Parkour In Singapore A Balancing Act

Sunday, February 28, 2016 Singapore Sports Stories 0 Comments

It takes fine balance to be a parkour pro but it also takes some balancing to organise parkour events in Singapore.

Last month, Singapore held its biggest parkour event. The Lion City Gathering (LCG) 2016, in its second year, saw over a hundred local and international traceurs take to the Singapore heartlands to hone their craft. The three-day event saw Indonesian, Taiwanese, US and even European traceurs negotiate Singapore urban structures in Bedok, Bishan, and Clementi.

Held around residential estates, local parkour group, Parkour Singapore, ran into bumps while hosting the event as residents' complaints and police intervention plagued the event.

Organiser and local traceur Mr Koh Chen Pin, 22, had tried applying for a permit months before the event but was rejected. "We first sent out emails only to be rejected without explanation. Next we made a video to show the MPs and Town Council how much we really wanted the permit for Bedok Maze (a parkour spot), and we went down to the Meet-The-People session at Bedok and actually spoke to the MP himself." said Mr Koh. "However, the Town Council only sent me a letter with almost the exact same reply as the email they initially sent me."

The East Coast-Fengshan Town Council website states open spaces as a common area facility that can be used for "Social Gatherings, Wedding Receptions, Engagement, etc" for a fee of $50. The Sunday Times reported on Feb 7, that the Town Council turned down Mr Koh's application for this year's event for safety and secruity reasons after an incident during last year's LCG in which two traceurs trespassed on the roof of HDB flats.

Despite the rejection of a permit, LCG 2016 proceeded as planned. Mr Leonard Chiang, 22, a co-organiser said: "Parkour, unlike other activities, doesn't need a fixed area. We can go everywhere so at least for this year we continued on with it." Mr Chiang added that many international traceurs had already booked flights. There were also stricter regulations in place. Mr Koh shared that he informed the practitioners not to go up to HDB flats.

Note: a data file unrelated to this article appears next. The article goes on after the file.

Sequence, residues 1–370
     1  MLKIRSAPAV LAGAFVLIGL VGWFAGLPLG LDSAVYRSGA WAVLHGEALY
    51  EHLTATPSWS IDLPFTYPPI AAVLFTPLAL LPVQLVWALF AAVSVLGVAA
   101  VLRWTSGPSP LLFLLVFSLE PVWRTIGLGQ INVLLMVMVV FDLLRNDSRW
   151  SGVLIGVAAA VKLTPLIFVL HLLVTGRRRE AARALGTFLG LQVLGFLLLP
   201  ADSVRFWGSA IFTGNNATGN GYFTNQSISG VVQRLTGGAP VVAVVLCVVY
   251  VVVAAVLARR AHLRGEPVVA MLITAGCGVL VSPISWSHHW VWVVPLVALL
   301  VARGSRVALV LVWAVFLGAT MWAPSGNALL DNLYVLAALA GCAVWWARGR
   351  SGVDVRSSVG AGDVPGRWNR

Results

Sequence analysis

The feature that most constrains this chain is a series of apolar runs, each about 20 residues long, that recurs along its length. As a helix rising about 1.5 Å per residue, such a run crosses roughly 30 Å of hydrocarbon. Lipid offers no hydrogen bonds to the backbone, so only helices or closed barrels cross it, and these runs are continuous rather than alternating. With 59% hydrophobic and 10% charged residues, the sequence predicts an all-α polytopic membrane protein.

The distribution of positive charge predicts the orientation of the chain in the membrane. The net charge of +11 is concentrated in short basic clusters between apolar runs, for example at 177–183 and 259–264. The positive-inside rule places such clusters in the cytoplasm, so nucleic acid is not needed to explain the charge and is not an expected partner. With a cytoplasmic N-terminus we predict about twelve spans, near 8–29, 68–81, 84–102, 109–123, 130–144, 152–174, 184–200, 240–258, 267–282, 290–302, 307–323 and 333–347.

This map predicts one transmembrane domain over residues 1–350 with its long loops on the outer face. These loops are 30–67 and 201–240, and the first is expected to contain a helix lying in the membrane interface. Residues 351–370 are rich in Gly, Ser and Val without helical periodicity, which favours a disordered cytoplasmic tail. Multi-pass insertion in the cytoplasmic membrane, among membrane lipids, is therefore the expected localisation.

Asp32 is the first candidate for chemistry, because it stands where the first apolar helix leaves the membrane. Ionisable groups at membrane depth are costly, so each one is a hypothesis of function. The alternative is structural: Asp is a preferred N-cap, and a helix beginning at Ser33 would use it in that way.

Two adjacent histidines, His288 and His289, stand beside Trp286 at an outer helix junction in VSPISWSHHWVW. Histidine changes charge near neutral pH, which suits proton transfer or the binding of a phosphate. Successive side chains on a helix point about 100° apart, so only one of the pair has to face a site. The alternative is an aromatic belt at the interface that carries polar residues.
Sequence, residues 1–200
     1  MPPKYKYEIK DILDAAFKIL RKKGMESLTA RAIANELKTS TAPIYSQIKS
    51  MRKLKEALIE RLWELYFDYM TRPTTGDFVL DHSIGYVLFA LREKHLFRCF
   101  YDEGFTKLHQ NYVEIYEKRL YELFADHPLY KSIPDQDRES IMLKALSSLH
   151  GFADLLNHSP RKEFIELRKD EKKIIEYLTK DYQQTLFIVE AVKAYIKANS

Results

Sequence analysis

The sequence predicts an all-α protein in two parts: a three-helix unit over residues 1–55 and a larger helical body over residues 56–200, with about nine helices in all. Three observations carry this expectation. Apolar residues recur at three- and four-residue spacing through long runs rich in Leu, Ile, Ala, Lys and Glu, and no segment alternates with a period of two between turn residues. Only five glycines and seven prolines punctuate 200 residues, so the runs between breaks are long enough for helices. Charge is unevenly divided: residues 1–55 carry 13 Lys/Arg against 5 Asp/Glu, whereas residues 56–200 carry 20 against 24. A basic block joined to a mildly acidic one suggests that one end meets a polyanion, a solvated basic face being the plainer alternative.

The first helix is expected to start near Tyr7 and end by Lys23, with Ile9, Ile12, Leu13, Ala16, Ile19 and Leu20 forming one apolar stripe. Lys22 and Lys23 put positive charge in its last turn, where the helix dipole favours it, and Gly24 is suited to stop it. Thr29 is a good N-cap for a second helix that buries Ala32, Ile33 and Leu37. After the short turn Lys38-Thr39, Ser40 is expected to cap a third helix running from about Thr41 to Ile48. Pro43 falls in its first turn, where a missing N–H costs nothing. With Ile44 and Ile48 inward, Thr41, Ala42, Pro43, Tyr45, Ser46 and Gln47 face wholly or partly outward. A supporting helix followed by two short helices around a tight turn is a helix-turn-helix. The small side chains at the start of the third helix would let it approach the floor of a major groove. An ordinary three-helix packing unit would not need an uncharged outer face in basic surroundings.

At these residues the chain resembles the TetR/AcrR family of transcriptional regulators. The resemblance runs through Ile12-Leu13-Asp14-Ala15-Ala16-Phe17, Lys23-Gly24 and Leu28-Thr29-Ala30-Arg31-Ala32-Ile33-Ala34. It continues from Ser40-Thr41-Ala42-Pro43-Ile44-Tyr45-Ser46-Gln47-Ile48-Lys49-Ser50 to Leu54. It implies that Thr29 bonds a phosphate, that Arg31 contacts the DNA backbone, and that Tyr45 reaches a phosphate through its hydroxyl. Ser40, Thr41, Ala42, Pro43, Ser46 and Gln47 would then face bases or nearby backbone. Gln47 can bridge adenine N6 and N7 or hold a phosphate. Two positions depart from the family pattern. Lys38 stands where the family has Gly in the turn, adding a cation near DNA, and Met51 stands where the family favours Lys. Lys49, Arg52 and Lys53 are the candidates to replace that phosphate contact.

However, within an hour into the first day of the event, the organisers ran into problems. "Residents complained about the amount of people gathering below their blocks and we had to move off right away as soon as the police found out that we did not have any permits." said Mr Koh.

The organising committee was prepared for the reaction and had contingencies to cooperate."We printed out the particulars of all the guests present at the event to ease screening. We had back-up spots if we had to move out. We also started to spread the big group up into different groups and disperse to different spots within the area." said Mr Koh.

"There was nothing they could do as police had to fulfill their responsibilities of dispersing the crowd when they receive a complaint. On our side, we had no choice but to move on. We had to continually switch spots for a bit as the residents complained everywhere we went."

Residents were generally curious as to what was going on and cited noise, concern about damage to public property, and danger posed to the public using the common spaces among the reasons for complaints.

On the third day of the event at Bishan, one resident pointed out that the metal railing structures at the spot were loose and clanged loudly when used by the practitioners. The resident was worried it would deteriorate further.

Singapore Sports Stories was at the event spot on the third day and noticed that despite the large gathering, the practitioners were not rowdy. Apart from a few clangings from the metal railings and the occasional cheer, noise level was generally low.

LCG 2016 also took practitioners to Singapore's dedicated parkour gyms to train but ultimately the heart of parkour lies in negotiating urban landscapes and structure.

Mr Koh suggested parkour parks as a mean to satisfy the stakeholders here. "Most other countries have already built parkour parks in support of the sport." said Mr Koh. Denmark, Spain, and England are among some countries who have outdoor parkour parks. "They should definitely think of building one for us. There are plenty of skate-parks in Singapore already."

A group shot of participants for The Lion City Gathering 2016. Photo: Courtesy of Koh Chen Pin
Looking forward, Mr Koh wants to add credibility to parkour in Singapore. "We are going to form an association and start bringing up Parkour Singapore's name. Once our reputation is built, I hope it will make us much more trustworthy and thus easier (for us) to handle permit applications."

"I feel that Singapore needs to start accepting parkour as it's only going to grow bigger. It's really sad how an event with so much potential like this is going to waste just because the people here do not support it. It (LCG) is one of the biggest parkour gatherings in the world, held in Singapore due to its amazing training spots." said Mr Koh.

Despite the hiccups, the three-day event ran its course. Mr Chris Rajcevic, 41, one of the international participants at LCG 2016 shared that back in the US, the parkour community does not encounter such problems as much. "Not so much like here. I think maybe there is a more open mind towards parkour community there than here maybe."

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